Almost every electric car today is powered by a conventional Lithium-Ion battery pack. However, conventional Li-On batteries do have their limitation. These include charge times, weight, size and of course, the amount of charge that they can actually hold (depending on the size of the battery). The next step in the evolution of batteries will be the solid-state Lithium-Ion battery pack which in turn charges quicker, is much lighter and most importantly, is much safer than the current crop of battery packs. Manufacturers like Toyota have been wokring on solid-state battery packs for years now on prototype stage and now, the Renault-Nissan Alliance, of which automaker Mitsubishi is also a part of, has announced that it will move towards solid-state batteries by 2025. Toyota has also announced production versions of the solid state battery in their cars - both hybrid and fully electric by the year 2022.
To understand why solid-state batteries are better, we need to understand how they differ from the standard lithium ion batteries that you get today. The Lithium ion battery pack still uses a liquid electrolyte and requires a certain amount of space between each cell in order to function. In comparison, solid-state batteries use a solid electrolyte that requires about 5-8 times smaller spacing between each cell in order to function well. Also, importantly, the solid-state batteries are also not flammable in case of a puncture or a rupture in the battery pack as it does not carry the flammable liquid electrolyte.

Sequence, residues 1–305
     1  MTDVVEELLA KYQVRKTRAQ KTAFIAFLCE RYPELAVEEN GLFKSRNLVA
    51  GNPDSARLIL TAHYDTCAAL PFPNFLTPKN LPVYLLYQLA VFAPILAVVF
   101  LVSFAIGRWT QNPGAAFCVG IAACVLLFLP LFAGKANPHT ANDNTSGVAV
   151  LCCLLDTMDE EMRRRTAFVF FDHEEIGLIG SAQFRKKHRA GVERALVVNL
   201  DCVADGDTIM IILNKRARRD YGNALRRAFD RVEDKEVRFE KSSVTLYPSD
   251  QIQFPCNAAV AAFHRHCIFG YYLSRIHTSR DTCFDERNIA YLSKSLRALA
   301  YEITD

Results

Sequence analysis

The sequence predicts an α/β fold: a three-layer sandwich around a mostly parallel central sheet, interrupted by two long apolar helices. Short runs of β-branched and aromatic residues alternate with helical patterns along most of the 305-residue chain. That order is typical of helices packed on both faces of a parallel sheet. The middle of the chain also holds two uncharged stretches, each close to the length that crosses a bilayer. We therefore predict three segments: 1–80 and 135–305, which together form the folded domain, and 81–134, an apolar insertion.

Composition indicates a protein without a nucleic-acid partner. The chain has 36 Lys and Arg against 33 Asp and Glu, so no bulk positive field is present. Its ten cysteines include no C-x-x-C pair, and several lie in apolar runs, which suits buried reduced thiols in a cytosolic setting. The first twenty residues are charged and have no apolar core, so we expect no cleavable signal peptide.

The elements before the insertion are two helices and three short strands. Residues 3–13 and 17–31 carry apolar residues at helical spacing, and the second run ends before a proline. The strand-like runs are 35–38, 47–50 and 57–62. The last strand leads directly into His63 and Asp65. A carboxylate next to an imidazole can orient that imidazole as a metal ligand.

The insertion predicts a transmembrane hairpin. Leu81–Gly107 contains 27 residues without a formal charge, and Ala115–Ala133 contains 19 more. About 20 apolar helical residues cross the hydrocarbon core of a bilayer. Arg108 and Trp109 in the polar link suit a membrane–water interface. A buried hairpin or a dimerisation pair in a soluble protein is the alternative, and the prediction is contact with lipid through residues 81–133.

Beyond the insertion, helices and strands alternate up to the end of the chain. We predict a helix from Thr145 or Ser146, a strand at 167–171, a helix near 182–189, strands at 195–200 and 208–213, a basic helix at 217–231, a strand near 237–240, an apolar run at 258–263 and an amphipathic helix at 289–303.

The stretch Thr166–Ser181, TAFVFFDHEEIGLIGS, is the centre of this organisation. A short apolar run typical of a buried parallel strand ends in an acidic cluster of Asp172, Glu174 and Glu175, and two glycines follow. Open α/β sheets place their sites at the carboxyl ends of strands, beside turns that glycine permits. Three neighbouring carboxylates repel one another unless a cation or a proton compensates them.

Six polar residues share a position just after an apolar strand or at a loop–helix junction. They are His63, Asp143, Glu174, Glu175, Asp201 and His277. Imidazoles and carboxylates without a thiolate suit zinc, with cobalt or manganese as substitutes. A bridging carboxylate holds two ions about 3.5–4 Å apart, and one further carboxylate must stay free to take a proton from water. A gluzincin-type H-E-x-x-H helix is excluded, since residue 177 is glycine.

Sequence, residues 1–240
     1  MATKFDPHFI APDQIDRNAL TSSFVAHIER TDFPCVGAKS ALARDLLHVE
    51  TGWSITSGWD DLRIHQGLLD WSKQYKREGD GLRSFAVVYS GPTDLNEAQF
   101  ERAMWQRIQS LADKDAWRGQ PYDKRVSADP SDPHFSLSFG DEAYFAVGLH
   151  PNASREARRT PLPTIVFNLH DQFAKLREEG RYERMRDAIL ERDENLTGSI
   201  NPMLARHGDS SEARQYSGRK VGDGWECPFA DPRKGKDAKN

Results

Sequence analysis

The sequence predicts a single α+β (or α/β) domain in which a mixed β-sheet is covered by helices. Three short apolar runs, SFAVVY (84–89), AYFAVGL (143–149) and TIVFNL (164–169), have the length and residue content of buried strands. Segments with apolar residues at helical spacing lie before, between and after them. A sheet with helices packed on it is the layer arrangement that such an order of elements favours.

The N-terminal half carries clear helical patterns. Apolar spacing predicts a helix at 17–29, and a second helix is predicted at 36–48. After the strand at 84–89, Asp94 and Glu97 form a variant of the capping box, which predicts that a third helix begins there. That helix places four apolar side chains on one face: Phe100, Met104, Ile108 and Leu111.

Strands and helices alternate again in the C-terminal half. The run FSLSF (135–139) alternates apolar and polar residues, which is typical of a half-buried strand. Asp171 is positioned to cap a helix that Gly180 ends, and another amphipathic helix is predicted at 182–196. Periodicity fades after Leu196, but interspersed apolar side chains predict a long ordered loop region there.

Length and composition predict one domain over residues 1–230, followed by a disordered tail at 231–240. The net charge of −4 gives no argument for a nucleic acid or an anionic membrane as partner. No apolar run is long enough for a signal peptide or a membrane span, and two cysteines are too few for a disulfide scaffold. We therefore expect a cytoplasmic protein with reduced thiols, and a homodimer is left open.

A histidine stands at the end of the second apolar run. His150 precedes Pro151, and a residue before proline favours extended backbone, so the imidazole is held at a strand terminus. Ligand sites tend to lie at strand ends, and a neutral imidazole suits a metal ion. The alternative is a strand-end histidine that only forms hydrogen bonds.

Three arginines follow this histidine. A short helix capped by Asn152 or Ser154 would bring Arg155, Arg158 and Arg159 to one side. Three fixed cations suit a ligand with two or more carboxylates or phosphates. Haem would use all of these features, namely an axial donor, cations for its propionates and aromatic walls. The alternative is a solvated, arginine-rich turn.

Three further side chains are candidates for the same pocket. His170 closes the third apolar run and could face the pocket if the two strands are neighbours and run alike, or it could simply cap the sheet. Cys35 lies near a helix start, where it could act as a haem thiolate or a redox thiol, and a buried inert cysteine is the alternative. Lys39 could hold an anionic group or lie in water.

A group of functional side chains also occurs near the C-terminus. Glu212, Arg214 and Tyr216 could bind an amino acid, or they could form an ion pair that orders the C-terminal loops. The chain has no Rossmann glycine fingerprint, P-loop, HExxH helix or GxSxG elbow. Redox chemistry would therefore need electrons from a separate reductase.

In comparison, solid state lithium ion batteries hold truce the charge as their standard liquid lithium ion counterparts, weigh much less and charge much quicker too. It is estimated that it would take just a few minutes to charge up a solid state Li-On battery as compared to about an hour (on a quick charge). The biggest problem however is the fact that the solid-state batteries are still very very expensive as compared to the standard batteries - something that almost every single battery maker and auto maker are working hard to remedy.